Endurance sport: leaving yourself behind
Lionel Martellini has been leading the EDHEC-Risk Institute since 2015. A world-renowned research centre specialised in the fields of asset and financial risk management, EDHEC-Risk Institute has developed an ambitious portfolio of research and training initiatives focusing on investment solutions for institutional and individual investors, underpinned by partnerships with large international financial institutions and prestigious academic partners. The Institute draws on a team of permanent professors, engineers and administrative staff, as well as a large number of research associates with backgrounds in the financial industry and affiliate professors. Lionel Martellini also teaches finance at EDHEC Business School
Alongside his academic activities, Lionel Martellini is passionate about sport and a regular participant in high-level endurance events. He finished the Nice Ironman in 2015, and more recently the Swissman 2019, which started in 22 June in Ancona in Switzerland. The Swissman is an extremely demanding triathlon that follows the Ironman format and is well-known for the scenic beauty and exceptional difficulties it offers the limited number of participants, including over 5,500 metres of positive elevation over the whole of the course.
For me, sport means:
Constant participation since 11 years of age
Sport has been an essential part of my life for a very long time. After spending a lot of my childhood on sedentary pursuits, particularly reading, I started to practise sport regularly at the age of 11 or 12. It all started with (overly!) long bike rides in the hinterlands of Nice with my brother and two uncles, both of whom loved cycling. Over the years, my taste for sport expanded to include other disciplines like running and swimming, but also tennis and freeride skiing. Over time, I gained a great deal of pleasure from continuing to pursue these different sports on a regular basis, and particularly the endurance ones.
Leaving yourself behind in extreme competitions
Although it is usual to talk about excelling yourself in relation to extreme endurance events, I prefer to speak about “leaving yourself behind”. Long-distance triathlons provide a way of stripping yourself down and abandoning yourself, which is really healthy. They give you a more physical and more sensual understanding of the world, and thus bring you into more direct contact with your thoughts. In this respect, I’d really speak about the joy to be had in effort, and I use the word “joy” in a quasi-mystical sense. More generally, doing sport in exceptional natural landscapes also gives you the opportunity to celebrate the beauty of the world. For instance, l’ll find it hard to forget the last ascent at the end of the Swissman marathon, beginning at dusk and finishing at night, shrouded by the imposing shadows of the Eiger and the Jungfrau, particularly since I had the pleasure of completing this last stretch with a training companion and also my 12-year old son Rafael, who was fired up with the challenge awaiting him. I also like the idea of the beauty and the gratuity of the sporting gesture inherent to this type of event, where pure performance often counts for much less than the concepts of pleasure and sharing. For example, the 264 participants in the Swissman 2019 shared the sole objective of winning … a t-shirt, which made a nice change from other sporting events, particularly those on the traditional Ironman circuit, where the merchandising can often be pretty full-on.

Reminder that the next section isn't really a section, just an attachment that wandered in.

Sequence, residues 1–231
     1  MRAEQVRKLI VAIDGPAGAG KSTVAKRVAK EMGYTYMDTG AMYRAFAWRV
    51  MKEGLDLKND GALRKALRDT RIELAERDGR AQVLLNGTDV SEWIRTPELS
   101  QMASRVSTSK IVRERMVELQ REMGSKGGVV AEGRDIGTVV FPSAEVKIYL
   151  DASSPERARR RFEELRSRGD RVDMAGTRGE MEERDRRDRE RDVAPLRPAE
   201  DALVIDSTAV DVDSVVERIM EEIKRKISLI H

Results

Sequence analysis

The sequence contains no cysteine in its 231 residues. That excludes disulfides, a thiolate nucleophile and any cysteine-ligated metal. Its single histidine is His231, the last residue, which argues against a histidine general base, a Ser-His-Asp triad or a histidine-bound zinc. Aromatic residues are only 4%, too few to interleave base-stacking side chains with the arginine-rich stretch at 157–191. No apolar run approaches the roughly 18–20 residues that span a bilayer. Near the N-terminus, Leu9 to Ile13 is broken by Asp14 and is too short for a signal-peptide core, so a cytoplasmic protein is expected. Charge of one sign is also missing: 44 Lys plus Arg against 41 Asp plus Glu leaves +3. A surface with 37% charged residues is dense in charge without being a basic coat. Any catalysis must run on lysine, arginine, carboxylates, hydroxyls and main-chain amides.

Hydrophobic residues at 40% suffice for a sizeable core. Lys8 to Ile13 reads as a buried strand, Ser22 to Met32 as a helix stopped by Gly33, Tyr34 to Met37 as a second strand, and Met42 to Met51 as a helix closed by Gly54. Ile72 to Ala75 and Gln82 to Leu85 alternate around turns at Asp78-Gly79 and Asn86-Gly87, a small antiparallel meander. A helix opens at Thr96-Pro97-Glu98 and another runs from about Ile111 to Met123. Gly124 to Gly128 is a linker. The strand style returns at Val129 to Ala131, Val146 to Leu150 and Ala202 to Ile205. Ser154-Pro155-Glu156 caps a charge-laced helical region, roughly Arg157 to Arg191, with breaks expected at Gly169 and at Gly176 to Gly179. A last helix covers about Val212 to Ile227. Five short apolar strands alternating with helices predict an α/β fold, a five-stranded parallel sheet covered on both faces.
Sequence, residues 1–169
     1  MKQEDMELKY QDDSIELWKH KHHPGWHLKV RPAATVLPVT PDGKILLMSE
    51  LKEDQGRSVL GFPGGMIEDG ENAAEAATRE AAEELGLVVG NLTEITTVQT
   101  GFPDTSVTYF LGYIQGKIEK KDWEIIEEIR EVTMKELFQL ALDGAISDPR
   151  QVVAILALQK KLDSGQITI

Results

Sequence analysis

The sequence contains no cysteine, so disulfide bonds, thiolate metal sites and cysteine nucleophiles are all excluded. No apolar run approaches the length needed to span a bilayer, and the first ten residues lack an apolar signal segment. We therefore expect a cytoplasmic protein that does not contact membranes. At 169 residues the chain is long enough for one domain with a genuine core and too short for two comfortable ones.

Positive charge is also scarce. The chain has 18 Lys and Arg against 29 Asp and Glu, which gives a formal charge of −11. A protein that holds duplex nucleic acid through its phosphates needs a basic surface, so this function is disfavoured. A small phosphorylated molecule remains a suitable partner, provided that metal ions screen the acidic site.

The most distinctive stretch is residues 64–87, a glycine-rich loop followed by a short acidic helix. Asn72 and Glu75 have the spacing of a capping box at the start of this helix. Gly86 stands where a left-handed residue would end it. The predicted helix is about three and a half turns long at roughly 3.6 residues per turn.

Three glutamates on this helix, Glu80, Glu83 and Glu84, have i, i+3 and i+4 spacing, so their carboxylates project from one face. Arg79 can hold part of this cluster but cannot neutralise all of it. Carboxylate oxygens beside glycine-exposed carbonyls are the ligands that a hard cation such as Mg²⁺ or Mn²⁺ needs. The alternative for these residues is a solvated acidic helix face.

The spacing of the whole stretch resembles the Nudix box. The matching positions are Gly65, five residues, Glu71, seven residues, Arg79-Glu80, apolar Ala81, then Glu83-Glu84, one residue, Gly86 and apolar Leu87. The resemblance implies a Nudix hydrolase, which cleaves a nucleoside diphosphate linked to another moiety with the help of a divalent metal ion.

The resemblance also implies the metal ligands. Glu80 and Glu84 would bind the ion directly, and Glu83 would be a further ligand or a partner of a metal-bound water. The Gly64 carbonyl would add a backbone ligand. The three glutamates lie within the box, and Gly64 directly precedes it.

Let go and re-charge my batteries
Sports helps me let go, something that doesn’t always come very easy to me. In my academic activities, the main goal is to model the world, so as to try and make sense of it through thought. Endurance sports offer a radically different experience, which really allows me to re-charge my batteries. Some of my students and colleagues also regularly take part in extreme endurance disciplines, and I still haven’t given up hope of running into them at the top of a hill or a mountain somewhere!